Unlike a truck with a lift kit, the ‘Motard is stable and tracks straight. After a day or two it becomes clear that for city riding, bikes don’t get much better than this. The tall seat would make it tough for anyone with less than about 32 inches of inseam to put both feet down, but you’re up high under way and can see everything. The mirrors are mounted on the bar ends, and for California riders they can be a bit too wide for easy lane splitting through rush hour traffic, but they flip back easily for tight squeezes. The longer you ride it, the better the motor — all 1078 cubic centimeters of air-cooled wonder — really shines. This engine has benefitted from years of development and refinement, and it shows. No flat spots in the power delivery, no buzzy vibrations felt through the grips, power from idle to redline, smooth and full of that Ducati soundtrack, it’s hard to imagine a better powerplant for varied street duties.
As we entered the mountain roads above metro Los Angeles, I was surprised to find that I wasn’t getting killed by windflow. There must be something about the way this bike is shaped, because at speeds under 85 mph the bike is remarkably good at deflecting air around the rider. Crosswinds get a little rough, though; the lack of a steering damper coupled with higher speeds can make the front end very twitchy and nervous.
Through the higher elevation of Tujunga Canyon Road, the bike was a precision instrument, allowing me to place it exactly where I wanted in corners, while bumps and cracks were soaked up by the suspension without ever causing the bike to wander off line. That damper-free front end helps give it an incredibly light and reactive feel, letting me know everything that the front end is dealing with; the back is equally responsive and alive. The controls are so light and effective that picking the bike up and throwing it almost seems realistic. The bike is so stable that as it approaches a corner, the rider can lock the rear brake up and swing the back end out like a dirt tracker, and it never tries to bite back.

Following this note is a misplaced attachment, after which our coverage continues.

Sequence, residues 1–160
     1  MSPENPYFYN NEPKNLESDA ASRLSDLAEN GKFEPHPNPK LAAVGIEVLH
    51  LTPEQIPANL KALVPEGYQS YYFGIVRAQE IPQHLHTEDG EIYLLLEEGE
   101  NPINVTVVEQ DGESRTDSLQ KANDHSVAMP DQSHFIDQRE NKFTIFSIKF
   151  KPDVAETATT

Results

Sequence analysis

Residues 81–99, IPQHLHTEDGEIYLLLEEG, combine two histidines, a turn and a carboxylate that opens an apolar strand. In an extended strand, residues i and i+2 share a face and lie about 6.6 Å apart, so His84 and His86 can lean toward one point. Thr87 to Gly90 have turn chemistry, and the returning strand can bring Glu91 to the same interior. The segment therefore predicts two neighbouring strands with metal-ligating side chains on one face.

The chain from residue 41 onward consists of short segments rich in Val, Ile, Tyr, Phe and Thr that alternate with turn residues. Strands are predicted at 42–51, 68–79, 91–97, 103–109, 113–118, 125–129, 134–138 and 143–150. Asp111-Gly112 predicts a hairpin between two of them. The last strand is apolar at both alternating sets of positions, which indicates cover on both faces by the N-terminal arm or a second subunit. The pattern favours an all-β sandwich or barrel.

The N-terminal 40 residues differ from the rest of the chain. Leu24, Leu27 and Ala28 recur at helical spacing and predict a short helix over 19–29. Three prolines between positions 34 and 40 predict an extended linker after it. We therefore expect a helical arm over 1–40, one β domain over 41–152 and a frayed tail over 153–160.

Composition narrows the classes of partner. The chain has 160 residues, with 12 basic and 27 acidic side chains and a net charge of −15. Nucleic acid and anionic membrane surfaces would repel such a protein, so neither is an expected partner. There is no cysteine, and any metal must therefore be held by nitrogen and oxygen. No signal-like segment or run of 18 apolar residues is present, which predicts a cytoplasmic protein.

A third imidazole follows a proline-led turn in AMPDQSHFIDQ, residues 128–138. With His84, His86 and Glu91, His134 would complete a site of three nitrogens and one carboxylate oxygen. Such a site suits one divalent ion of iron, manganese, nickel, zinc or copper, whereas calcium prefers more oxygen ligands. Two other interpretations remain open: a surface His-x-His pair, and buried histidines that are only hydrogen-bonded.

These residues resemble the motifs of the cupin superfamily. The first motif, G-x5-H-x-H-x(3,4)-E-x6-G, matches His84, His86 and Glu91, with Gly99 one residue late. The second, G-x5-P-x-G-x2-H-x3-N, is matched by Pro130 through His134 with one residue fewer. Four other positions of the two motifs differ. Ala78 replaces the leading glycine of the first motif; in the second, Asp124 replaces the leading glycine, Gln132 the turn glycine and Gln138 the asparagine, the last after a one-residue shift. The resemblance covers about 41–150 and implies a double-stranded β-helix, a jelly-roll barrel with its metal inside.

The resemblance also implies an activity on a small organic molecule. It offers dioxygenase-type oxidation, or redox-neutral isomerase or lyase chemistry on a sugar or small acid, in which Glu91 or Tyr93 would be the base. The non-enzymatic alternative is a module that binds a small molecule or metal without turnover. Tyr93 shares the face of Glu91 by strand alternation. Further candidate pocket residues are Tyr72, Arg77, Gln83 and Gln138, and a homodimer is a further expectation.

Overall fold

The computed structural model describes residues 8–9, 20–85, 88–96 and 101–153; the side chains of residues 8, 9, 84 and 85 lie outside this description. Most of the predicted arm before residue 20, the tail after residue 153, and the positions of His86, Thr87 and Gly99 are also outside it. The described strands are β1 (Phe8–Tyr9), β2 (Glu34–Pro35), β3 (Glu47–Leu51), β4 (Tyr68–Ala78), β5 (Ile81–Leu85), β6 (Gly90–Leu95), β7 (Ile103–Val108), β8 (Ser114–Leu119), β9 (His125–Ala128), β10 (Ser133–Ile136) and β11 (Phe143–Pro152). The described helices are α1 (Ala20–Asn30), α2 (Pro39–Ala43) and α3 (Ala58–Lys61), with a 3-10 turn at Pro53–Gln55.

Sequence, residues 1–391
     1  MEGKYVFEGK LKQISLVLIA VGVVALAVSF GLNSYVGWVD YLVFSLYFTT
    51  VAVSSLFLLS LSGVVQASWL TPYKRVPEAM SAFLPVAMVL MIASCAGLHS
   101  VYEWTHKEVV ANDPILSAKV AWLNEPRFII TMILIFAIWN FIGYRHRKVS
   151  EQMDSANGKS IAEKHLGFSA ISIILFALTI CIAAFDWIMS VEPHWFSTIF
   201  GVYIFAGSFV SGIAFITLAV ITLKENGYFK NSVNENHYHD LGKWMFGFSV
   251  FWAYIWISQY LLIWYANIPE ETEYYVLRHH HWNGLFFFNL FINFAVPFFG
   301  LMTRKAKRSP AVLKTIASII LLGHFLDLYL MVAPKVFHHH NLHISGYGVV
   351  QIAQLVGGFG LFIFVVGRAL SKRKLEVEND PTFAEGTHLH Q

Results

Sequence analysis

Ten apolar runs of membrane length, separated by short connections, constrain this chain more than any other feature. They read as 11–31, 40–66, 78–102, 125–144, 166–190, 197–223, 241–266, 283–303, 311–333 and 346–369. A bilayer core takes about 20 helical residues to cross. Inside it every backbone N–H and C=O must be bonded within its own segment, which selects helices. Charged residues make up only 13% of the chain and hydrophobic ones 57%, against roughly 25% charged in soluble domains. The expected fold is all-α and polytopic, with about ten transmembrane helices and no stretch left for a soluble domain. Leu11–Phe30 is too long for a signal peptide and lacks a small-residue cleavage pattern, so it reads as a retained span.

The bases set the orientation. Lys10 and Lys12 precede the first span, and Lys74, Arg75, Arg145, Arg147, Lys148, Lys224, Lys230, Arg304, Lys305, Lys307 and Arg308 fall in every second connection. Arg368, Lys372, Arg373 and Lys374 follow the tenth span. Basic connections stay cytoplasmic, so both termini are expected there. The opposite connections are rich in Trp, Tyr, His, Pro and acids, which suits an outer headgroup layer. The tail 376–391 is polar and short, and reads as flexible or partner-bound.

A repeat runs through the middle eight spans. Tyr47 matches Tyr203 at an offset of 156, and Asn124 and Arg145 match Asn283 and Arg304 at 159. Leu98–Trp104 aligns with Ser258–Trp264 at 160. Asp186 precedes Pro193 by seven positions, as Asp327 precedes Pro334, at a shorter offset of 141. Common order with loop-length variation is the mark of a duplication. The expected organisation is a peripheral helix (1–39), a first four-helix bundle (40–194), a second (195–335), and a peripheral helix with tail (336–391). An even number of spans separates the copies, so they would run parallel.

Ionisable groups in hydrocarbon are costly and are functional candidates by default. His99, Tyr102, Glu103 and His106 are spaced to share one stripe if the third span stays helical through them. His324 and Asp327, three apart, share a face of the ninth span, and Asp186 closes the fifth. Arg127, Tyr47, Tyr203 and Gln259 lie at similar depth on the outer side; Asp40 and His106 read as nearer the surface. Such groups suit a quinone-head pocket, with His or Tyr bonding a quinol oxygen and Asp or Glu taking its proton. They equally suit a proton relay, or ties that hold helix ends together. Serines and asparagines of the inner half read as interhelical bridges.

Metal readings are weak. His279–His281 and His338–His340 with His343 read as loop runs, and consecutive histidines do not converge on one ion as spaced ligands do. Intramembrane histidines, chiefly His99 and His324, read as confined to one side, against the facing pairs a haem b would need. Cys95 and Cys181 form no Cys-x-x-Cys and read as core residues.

What’s not to like about the Hypermotard 1100 Evo SP? The answer to that is fuel range, thanks to the small 3.3-gallon tank. The Evo couldn’t cruise more than 85 miles or so before the low-fuel warning light would come on (it lacks a proper gauge in the interst of minimalist simplicity). On our trip to Vegas, this bike was definitely the limiting factor for making fast time or wandering too far afield without a gas station nearby. The level of dive when hard on the brakes, even when adjusted to a firmer setting, left some of our staff concerned, but this is the trade-off for the long suspension travel. And when running hard out of corners in second gear, the front end like to lift up a bit, resulting in impromtu wheelies just after the apex. But even for us mostly “mature” riders, the Hyper felt completely stable going up on one wheel every now and then.
So who is this bike for? Guys who really appreciate two-wheelers, those who see the inner beauty of this somewhat awkward beast. For urban riders, this thing is a gem, athletic and quick with a great view of everything around and ahead. If you’ve ridden different bikes over the years, you will really appreciate the Hypermotard’s engaging feel and all-around ability, not to mention its great sounds. It checks a lot of boxes in both the wants and the needs columns, so when you go to your Ducati dealer to check out the latest Monster, you really owe it to yourself to try this out. If we haven’t made enough of a case here, the bike should be able to close the deal itself.